Featuring The Cavemen (NZ), The Snides, Suicide Generation, Moto Vamp and Flesh with DJ John The Revelator, DJ La Titis and DJ Alexander Coates-Leprechauns
By Nick Kuzmack (DJ Nix Beat)
Poster: Dawn Aquarius
Helen De Joie’s fourth club all-dayer/night has a knack for featuring some tremendous talent. Usually it’s a night dedicated to all things 60’s psychedelic and hedonistic, but tonight Factory De Joie’s theme is punk rock in the vein of an Andy Warhol vibe, meeting the infamous CBGB’s – just not in New York City, but rather at the ever so hip Victoria in Dalston, East London. Thanks to the dim lighting and scenes from Punk Revolution projected onto the backdrop of the stage, the atmosphere for Factory De Joie was set. This night drew on strictly vinyl DJ’s serenading the audience through spinning classic and deep cuts of punk records, with punk and glam bands wreaking havoc. With the inspiring expressiveness of burlesque dancers providing the intermissions more saucy entertainment.
To kick things off, Kirsty Allison of Cold Lips Magazine provided a spoken word performance. Allison who was armed with a tall glass of wine, an iPod and an assertively arty aloof disposition, set the mood for her audience. Although appreciated, it may have been somewhat abstract for one such as me searching for the bottom of a pint glass. Then again, reveling in the poetic nature of spoken word is Patti Smith like, just in this case minus the rock n’ roll.
The first band to play this shindig was Flesh. They unapologetically boast a sound that carves out the primal sensations of post punk. Playing to a handful of attendees, this duo held nothing back. It’s a set that the term short and sweet, shock and awe was meant for.
After a DJ set courtesy of DJ Alexander Coates-Leprechauns of The Embrooks, Moto Vamp gets on stage. These cats boast a style that harks back to proto punk meeting glam infused 1970’s punk. Think Hamlett playing with the decisiveness of The Stooges coupled with Venus and The Razorblades. Moto Vamp blasts out tunes ‘I Want You To Be My Love Slave’- which has a similar tone to ‘I Wanna Be Your Dog’ and my personal favourite of their set ‘Rock Me.’ They close with ‘Fall Into The Abyss.’
Suicide Generation provides a much needed full frontal lobotomy on their audience. Blasting out a blitz filled sound, these guys invoke the furious speed of The Ramones with the destructive power of The MC5. They are a band that knows what they are doing and are a tight act.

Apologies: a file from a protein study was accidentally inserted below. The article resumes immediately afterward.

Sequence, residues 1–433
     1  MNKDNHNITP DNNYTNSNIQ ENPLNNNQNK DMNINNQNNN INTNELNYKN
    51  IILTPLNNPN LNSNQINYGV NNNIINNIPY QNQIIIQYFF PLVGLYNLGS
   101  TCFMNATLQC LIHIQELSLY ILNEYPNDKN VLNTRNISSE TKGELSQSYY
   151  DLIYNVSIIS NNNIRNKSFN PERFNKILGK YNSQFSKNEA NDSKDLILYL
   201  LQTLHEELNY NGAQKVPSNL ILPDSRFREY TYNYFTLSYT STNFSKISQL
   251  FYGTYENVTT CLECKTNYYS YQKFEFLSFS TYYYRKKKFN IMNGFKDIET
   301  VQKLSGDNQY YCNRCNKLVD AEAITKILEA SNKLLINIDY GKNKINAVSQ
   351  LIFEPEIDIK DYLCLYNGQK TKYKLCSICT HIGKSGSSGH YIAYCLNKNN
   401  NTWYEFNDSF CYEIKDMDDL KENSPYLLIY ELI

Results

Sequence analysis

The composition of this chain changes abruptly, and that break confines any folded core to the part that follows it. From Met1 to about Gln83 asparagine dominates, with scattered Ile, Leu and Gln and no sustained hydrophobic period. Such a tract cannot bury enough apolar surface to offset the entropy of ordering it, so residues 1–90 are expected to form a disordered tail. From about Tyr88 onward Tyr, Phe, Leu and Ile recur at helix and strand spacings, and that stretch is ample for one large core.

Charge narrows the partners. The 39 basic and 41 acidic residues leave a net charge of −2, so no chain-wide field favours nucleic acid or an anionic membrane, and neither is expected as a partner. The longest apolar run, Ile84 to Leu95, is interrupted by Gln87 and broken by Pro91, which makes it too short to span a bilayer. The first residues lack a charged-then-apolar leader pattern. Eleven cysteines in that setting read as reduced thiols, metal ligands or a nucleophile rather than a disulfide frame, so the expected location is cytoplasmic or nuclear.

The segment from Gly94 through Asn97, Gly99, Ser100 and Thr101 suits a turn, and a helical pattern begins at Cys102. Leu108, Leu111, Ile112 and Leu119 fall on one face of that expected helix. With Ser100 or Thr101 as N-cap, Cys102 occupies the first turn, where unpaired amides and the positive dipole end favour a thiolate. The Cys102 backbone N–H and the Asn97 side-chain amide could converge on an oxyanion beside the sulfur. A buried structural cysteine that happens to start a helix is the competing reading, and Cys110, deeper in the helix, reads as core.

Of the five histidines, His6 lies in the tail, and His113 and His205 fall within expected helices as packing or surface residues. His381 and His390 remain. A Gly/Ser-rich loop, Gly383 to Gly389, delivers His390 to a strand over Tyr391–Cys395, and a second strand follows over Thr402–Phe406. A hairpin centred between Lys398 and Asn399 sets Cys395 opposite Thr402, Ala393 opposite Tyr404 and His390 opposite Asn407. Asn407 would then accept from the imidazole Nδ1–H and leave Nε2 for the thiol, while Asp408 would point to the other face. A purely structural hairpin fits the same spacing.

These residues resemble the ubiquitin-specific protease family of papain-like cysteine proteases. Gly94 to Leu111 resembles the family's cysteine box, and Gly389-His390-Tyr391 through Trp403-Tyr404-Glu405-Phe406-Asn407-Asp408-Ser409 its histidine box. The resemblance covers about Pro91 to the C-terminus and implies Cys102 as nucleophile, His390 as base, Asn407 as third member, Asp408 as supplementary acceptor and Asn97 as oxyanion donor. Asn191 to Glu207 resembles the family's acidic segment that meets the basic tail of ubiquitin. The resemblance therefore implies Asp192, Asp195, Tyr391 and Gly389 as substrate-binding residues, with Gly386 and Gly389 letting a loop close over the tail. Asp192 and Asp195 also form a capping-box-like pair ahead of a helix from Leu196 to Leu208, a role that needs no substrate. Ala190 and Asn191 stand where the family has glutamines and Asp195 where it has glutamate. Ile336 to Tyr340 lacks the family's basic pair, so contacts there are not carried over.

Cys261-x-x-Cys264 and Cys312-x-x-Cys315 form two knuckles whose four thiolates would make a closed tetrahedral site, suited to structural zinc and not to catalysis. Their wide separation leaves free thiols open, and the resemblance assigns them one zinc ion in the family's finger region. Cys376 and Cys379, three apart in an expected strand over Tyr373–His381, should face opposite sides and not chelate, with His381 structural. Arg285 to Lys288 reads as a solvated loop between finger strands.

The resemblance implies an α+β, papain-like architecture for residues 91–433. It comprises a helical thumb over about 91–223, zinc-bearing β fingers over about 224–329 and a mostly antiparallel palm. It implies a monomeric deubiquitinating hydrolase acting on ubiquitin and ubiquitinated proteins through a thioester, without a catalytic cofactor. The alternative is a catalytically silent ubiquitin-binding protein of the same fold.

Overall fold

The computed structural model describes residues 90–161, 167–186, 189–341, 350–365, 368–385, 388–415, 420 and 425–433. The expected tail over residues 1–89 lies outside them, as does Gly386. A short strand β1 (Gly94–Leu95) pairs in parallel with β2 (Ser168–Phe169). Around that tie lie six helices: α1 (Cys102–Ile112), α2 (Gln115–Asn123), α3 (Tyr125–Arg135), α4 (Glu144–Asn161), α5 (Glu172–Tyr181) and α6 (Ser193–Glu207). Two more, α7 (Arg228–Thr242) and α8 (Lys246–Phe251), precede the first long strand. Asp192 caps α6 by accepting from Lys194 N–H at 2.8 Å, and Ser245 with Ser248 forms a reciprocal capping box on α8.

During each intermission, burlesque dancers take the stage and the attention from the DJ’s. These dancers blast their favourite tracks and draw the somewhat captivated attention of the assembled rock n’ rollers. Each performer dominates the stage. I managed to catch most of the acts, but sadly missed Helen De Joie’s. After sheepishly asking DJ John The Revelator if Joie would do it again, it is suggested that I’m out of luck. Oh well.
The Snides, simply put, are impressive and unique. Channeling the defiant attitude of Poly Styrene with a style that is sinisterly glamorous, this group has a sound that takes no prisoners. It is vibrant and well refined. I’m not sure that the confines of this room do them enough justice. So, I hope to see this group take on speakers that can handle their might!
After taking the stage, The Cavemen waste no time in breaking the sound barrier. They offer a no holds barred, assault on the senses barrage of garage punk. It reminds of me Ex-Cult coupled with the nihilism of The Dead Boys, minus the hardcore punk and remarkably more brutal. They have a sound that is devastating untamed rock n’ roll at its most destructive.
Overall, Factory De Joie is an experience. It brings together some of London’s tremendous talent into the same room. This kind of night is not put on so often, but when Joie puts on another, it will for sure be a party to check out. Until then, there will be other nights that will whet one’s depraved appetites.